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I never remember whether ^ matches the beginning of the line and $ matches the end of it or the other way around. A good mnemonic would be that the $ sign is always before the price, therefore it matches the beginning of a line - unfortunately it's the other way around.

So is there any reason why these two characters were chosen for the beginning and end of line?

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3  
Personally, I reckon [they] just chose two characters that hadn't been assigned yet. –  Bojangles Sep 3 '12 at 14:28
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Dont know about the reason. But they never confuses me. My thinking is different. Every time I see ^, $ I interpret it as start and end. E.G. See the $ of the document. If you ever use vi you'll notice 0, $ means start and end. –  shiplu.mokadd.im Sep 3 '12 at 14:35
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$ represents the newline character(s) in asm language, I think this is related –  Eregrith Sep 3 '12 at 14:35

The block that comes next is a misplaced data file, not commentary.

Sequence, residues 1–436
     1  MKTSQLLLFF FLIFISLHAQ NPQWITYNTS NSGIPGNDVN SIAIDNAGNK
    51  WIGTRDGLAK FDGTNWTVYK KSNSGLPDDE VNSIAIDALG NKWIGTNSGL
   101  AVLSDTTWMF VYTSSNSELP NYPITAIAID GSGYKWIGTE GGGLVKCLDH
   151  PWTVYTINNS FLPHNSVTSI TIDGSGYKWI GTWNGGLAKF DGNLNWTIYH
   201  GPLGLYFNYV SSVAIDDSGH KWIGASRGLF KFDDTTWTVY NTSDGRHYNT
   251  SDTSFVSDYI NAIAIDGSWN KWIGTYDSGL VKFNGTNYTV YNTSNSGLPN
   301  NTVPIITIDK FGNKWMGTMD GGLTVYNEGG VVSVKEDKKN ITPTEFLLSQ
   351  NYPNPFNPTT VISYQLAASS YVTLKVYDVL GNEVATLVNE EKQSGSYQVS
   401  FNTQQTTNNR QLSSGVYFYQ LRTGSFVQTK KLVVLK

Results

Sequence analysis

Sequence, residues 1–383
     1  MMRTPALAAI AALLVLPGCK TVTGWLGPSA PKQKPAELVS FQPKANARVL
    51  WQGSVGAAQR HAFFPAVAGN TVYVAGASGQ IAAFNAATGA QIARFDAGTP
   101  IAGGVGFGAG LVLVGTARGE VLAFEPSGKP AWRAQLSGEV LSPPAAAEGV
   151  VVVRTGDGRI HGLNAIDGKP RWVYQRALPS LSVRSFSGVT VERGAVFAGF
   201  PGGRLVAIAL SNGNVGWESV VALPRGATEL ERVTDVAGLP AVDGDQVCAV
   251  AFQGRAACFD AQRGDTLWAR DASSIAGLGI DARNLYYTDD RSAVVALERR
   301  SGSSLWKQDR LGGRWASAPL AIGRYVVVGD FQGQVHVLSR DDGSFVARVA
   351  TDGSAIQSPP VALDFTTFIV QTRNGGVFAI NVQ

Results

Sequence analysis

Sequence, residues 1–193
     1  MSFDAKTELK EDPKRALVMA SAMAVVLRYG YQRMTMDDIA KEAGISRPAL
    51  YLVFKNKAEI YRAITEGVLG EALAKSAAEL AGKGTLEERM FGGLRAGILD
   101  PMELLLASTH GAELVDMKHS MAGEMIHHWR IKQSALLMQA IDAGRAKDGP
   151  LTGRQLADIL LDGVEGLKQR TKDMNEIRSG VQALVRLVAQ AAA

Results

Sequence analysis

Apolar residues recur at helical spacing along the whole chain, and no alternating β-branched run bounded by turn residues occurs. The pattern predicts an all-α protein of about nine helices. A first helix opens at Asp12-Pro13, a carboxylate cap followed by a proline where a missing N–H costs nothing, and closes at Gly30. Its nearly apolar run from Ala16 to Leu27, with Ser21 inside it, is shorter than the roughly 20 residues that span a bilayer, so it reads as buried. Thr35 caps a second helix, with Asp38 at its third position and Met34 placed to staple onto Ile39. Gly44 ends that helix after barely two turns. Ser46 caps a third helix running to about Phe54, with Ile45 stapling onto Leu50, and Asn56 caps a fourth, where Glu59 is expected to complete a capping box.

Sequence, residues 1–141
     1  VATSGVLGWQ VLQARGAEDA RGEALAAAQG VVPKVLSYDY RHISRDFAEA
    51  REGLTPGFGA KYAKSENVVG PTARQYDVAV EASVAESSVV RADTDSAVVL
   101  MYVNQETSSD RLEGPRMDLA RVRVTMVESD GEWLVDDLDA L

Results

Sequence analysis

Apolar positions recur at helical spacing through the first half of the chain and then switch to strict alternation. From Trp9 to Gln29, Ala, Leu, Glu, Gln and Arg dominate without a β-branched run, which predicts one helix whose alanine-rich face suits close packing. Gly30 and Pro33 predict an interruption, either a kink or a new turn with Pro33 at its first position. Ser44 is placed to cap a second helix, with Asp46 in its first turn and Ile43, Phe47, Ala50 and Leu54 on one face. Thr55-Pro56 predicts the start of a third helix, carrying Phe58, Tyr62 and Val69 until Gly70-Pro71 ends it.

5 Answers 5

up vote 6 down vote accepted

One mnemonic: In an auction, bidders start by raising ^ their paddles. The price $ is established at the end.

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I memorize ^ as: It points to where it came from, i.e. the previous line, so it should stand at the beginning.

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The $ used to mean the end of the line in very early editors, like ed. The ^ was probably chosen because it was about the last unused character on keyboards at the time :-)

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This is probably due to the relative positions of these two characters on a QWERTY keyboard: '^' in first position (start of line) and '$' after (end of line).

EDIT: My bad, this is only valid on a french keyboard (AZERTY). It provides a mnemonic for AZERTY user but not an explanation.

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5  
And it would be backwards because? –  lc. Sep 3 '12 at 14:30
    
Seems you need to remember the word backword with this rule too. –  shiplu.mokadd.im Sep 3 '12 at 14:37
    
@lc.: What is your comment supposed to ask? It is not backwards. –  Daniel Hilgarth Sep 3 '12 at 14:38
    
I've edited. This is not an explanation in the general case ... –  Clement J. Sep 3 '12 at 14:41
    
@DanielHilgarth The fact that $ (4) comes before ^ (6), at least on a US layout. –  lc. Sep 3 '12 at 16:15

\A and \Z do roughly the same, except they are subtly different to ^/$ with respect to new line characters.

So if you remember that and also remember that ^ looks most similar to A and $ is most simliar to Z that might be enough of a mnemonic.

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Downvoter care to comment?! –  weston Sep 6 '12 at 8:39

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